Chairwoman Marcy Kaptur Statement at the Domestic Manufacturing for a Clean Energy Future Hearing
Congresswoman Marcy Kaptur (D-OH), Chair of the Energy and Water Development, and Related Agencies Subcommittee, delivered the following remarks at the Subcommittee's hearing on Domestic Manufacturing for a Clean Energy Future.
Let me extend a warm welcome to our Members and distinguished witnesses. Today we will discuss how domestic manufacturing will anchor the build back better agenda.
The clean energy future of our nation, and our ability to reboot and energize the domestic manufacturing economy depends on the Department of Energy programs for inventing the future. We must create and even bring back good-paying jobs here at home. Addressing climate change is our portal to sustain life on earth for generations to come.
Headlines coast to coast tell the story. The earth is warming. The rate of increase of damaging weather events is unrelenting. We personally experience the impacts of this historic change. If we fail to address this hastening crisis, it is to our collective peril.
As we discussed at our first hearing, technologies and innovations are already helping address climate change. They have led to widespread deployment, consumer savings, and good-paying jobs. For example, solar installations in 2020 set a new record, and there’s now enough solar to power 17.7 million American homes.
For motor vehicles, 98 percent of the gasoline sold in the U.S. includes 10 percent ethanol, showing that renewable fuels as the future of agriculture positions to plant millions of acres of crop cover to absorb more carbon while restoring and regenerating soils with higher nutrient content.
Clean energy jobs are the future. American solar jobs have increased 167% over the past decade. According to Environmental Entrepreneurs, clean energy workers earn an average median wage of $23.89, 25 percent higher than the national median wage. Clean energy sector jobs are more likely unionized and come with better health care and retirement benefits.
Beyond installation jobs, our nation must manufacture the wind turbines and solar panels in the United States. We must squarely meet predatory competition posed by nations like China that do not hesitate to steal intellectual property. Our efforts must be dedicated to commercializing new technologies for electric vehicles, we must reinvent and retool our transportation and our domestic vehicle industry, and produce those vehicles here at home.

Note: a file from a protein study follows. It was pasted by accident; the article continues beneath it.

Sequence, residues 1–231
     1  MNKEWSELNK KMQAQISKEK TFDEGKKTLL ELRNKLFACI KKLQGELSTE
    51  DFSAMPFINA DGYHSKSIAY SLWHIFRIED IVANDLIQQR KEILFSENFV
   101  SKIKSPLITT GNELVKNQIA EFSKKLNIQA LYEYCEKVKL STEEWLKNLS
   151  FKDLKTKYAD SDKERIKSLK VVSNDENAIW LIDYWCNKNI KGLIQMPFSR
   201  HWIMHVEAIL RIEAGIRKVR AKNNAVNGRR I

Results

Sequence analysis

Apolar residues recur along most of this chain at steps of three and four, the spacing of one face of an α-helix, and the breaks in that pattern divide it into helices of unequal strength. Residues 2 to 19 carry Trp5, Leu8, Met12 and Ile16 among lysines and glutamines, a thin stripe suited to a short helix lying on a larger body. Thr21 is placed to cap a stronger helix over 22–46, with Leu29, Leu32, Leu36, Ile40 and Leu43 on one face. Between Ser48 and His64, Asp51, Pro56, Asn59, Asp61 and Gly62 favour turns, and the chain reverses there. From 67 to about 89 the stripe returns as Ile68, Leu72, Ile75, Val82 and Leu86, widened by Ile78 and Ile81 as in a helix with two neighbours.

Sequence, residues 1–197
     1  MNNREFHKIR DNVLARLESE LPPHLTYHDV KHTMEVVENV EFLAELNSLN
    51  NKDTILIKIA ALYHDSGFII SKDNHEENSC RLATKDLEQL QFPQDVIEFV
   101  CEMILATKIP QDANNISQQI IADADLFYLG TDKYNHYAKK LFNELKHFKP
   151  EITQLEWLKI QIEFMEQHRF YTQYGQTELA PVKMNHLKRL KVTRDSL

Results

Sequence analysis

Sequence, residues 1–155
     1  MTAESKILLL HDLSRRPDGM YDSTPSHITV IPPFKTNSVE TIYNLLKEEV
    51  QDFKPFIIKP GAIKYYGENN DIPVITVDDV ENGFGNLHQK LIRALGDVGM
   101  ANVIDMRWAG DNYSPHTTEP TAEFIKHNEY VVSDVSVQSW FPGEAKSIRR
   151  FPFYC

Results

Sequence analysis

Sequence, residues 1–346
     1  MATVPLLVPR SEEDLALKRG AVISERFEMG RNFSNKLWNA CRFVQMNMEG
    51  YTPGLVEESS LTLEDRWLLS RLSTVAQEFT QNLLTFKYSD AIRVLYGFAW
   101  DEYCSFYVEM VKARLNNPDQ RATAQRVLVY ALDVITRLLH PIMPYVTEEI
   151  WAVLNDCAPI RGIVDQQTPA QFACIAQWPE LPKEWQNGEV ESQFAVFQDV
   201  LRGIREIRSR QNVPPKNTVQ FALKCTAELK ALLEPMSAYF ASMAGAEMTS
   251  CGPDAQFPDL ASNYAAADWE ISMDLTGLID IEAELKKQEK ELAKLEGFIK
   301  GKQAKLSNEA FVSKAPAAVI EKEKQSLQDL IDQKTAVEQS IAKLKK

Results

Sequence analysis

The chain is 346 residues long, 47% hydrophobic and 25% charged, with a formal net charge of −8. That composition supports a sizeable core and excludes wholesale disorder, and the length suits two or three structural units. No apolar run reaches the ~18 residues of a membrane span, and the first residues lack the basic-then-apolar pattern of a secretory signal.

I applaud President Joe Biden for pointing out serious shortages of domestically produced silicon chips impacting our manufacturing supply chain. And while we continue to pursue innovation for “new age” energy technologies like advanced nuclear, carbon capture, hydrogen, and efficient grid transmission, we must plan ahead strategically so those industries and jobs are based in America.
Employment in U.S. manufacturing has continued to decline from 17.3 million jobs in 2000 to 12.2 million jobs in 2020. That is why we must urgently make investments in clean energy, manufacturing, and infrastructure to provide a much-needed opportunity for job creation and real wealth generation as distinct from financial markets that surpassed manufacturing as the origin of corporate profits in 1995.
Innovation will be critical to developing strategies for transforming energy-intensive processes, like buildings all around us and facilities that process water and wastewater, along with energy-intensive industries like steel, cement, refining, and auto and truck production.
Investing in manufacturing will create jobs for electricians, welders, roofers, plumbers, pipefitters, engineers, steamfitters, boilermakers, and many others. Training must be extended for workers too often left behind, so their skill levels will translate to a variety of jobs.
I am elated that President Biden supports a national strategy to develop a low-carbon manufacturing economy. And Secretary of Energy Granholm has been promoting place-based investment plans to help regions falling behind.
As you can see in the map, manufacturing job losses have disproportionally harmed specific places. We must create jobs that reinvest in areas and workers who too often have been left behind, including manufacturing workers in rural communities and blue-collar workers in closing industries. As people and communities succeed, so will America.